The thing is it is brief, it only takes a few minutes to mention the app and talk about the app and the message is across there. A lot of people like their phones and use their phones, mums do. (Stakeholder interview participant 15, Site Two)
Other professionals referred to the time constraints they were under at appointments, and did not consider it realistic to introduce the app, particularly at the booking appointment:
Once we see them in their booking there is so much info to give them/paperwork to fill out it is not the priority to promote this. (Professionals survey 21, Site One)
The Baby Buddy app was available free to download throughout the UK prior to the embedding work. Overall, the survey responses and registration data collected from the app indicated that substantially more women had downloaded the Baby Buddy app in the months after the embedding process had started compared with prior to embedding activities. Data supplied by Best Beginnings showed that there were 10 Baby Buddy app registrations in Site One in August 2015, the month prior to the first embedding activity. In Sites Two and Three in the equivalent months (October 2015 and December 2015) there were 21 and 18 registrations respectively. In the month after the local launch event at each site, the numbers of registrations were 212 at Site One (January 2016), 233 at Site Two (March 2016), and 685 at Site Three (June 2016), the greater number at Site Three reflecting the larger birth cohort. In the post-embedding women’s survey, 75% (143/192) had heard of the Baby Buddy app. Of those who had heard of the app, overall across the three sites, about three-quarters had had a conversation with a professional when first finding out about the app (Additional file 1: Table S1).
Some professionals noted that the Baby Buddy app registration data at ward level indicated that the app was being downloaded across the area including parts of the region where it was perceived to be ‘harder to reach’ women:
So obviously we would adapt our approach anyway but that app reinforces another way and it was interesting looking at the data that some of our harder-to-reach areas such as [named area] and [named area] are really using that app well and they are some of our much harder-to-reach places. So it means they are not only using us but are using another resource for information which supports their caring of their child. (Stakeholder interview participant 24, Site One)
Baby express magazine
The Baby Express magazine has 12 issues, each issue designed to be appropriate for a baby of a particular month of age, with issue one aimed at parents of babies aged up to one month, and so on. Participants frequently said that postal delivery of the Baby Express magazine on a monthly basis, so that women received the magazine at the right time, would have been ‘ideal’. However, the cost implications were too great for this to be a feasible option. There was also the consideration of how delivery of the magazines could be sensitively managed so that in the case of infant loss, women did not continue to be sent issues of the magazine. Given these limitations, all three sites opted to tie Baby Express delivery schedules to professionals’ contacts with women. However, the low number of universal contacts with professionals meant that magazines had to be given well in advance of the infant’s age. For example, issues three and four (for babies aged three months and four months respectively) were given at the 10-day postnatal appointment in Site One, and at the six-to-eight-week appointment in Sites Two and Three.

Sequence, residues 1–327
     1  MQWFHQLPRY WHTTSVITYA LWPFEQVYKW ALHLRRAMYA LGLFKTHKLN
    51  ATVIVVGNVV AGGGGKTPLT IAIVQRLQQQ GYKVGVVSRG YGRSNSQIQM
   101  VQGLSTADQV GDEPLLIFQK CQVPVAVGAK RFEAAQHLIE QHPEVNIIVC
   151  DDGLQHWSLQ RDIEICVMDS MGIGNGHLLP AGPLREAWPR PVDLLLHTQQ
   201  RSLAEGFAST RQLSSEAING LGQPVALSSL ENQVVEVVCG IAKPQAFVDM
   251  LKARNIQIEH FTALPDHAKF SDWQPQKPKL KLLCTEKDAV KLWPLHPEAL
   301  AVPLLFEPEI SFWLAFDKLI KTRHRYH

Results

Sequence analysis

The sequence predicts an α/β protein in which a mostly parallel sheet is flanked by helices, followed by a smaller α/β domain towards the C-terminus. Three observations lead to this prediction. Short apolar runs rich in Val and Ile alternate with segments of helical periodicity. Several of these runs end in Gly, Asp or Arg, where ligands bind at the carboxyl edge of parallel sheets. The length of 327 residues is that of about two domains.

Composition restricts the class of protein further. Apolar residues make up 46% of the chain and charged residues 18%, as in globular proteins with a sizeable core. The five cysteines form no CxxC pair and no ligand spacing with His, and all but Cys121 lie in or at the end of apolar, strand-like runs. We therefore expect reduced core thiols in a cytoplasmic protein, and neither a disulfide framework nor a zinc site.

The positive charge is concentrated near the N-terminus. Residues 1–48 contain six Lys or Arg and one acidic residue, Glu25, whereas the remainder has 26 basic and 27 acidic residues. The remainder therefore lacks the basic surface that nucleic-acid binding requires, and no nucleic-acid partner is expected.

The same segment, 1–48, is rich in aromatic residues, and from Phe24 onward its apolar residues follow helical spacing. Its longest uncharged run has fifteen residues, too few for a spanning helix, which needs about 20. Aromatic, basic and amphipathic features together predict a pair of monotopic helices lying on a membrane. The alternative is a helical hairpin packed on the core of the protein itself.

In the post-embedding women’s survey, across the three sites, 53% of women had received a copy of the Baby Express magazine, suggesting that issues of the magazine were not as widely received as hoped (Additional file 1: Table S1). This is likely due to the logistical problems with the delivery encountered at all three sites. Participants frequently referred to the difficulties of delivering the magazines to women, and of coordinating the delivery across different services, as expressed here:
Something needs to happen, like coming together and arrangement made between the health visitor teams and the midwives and the children’s centre to ensure that flow is actually happening, because otherwise like I said before, the magazine and the whole idea of it is not working. Obviously the idea is that if they get every issue, they get everything that they can out of every issue, but at the moment it is not happening. (Stakeholder interview participant 21, Site One).
All three sites elected to distribute the later issues of the magazines via Children’s Centres (Site One did this from Issue 5 onwards and Sites Two and Three from Issue 7 onwards), since at this stage women did not have routine contacts with midwifery or health visiting staff. This strategy relied on professionals at earlier contacts advising women to go to their local Children’s Centre to collect the later issues of the magazines, and on women themselves opting to go to the centre to collect the magazine. Some stakeholders expressed concerns about whether this would be an effective dissemination strategy:
We were presuming that the health visitors after they’d given issue four would say “pop into your children centre to pick your next copy up” but then it depends how active and engaged that parent is to think I need my next copy of my magazine let me pop to my children’s centre. In reality that may not happen. (Stakeholder interview participant 7, Site Two).